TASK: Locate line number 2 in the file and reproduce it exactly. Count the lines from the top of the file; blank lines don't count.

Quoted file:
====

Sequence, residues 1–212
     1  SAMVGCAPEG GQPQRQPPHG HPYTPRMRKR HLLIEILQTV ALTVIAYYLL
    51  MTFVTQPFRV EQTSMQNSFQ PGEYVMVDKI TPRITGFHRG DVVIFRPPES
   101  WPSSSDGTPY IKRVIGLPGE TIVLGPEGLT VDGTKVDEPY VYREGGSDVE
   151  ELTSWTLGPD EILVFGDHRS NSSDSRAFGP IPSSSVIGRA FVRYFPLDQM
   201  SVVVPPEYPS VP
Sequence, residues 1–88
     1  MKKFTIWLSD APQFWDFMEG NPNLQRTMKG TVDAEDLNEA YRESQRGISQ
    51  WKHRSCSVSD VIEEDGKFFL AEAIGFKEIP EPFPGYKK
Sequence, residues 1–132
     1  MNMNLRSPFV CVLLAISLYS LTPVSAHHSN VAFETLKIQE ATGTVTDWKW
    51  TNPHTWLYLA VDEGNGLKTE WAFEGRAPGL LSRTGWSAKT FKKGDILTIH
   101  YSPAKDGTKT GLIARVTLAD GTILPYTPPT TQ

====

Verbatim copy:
     1  SAMVGCAPEG GQPQRQPPHG HPYTPRMRKR HLLIEILQTV ALTVIAYYLL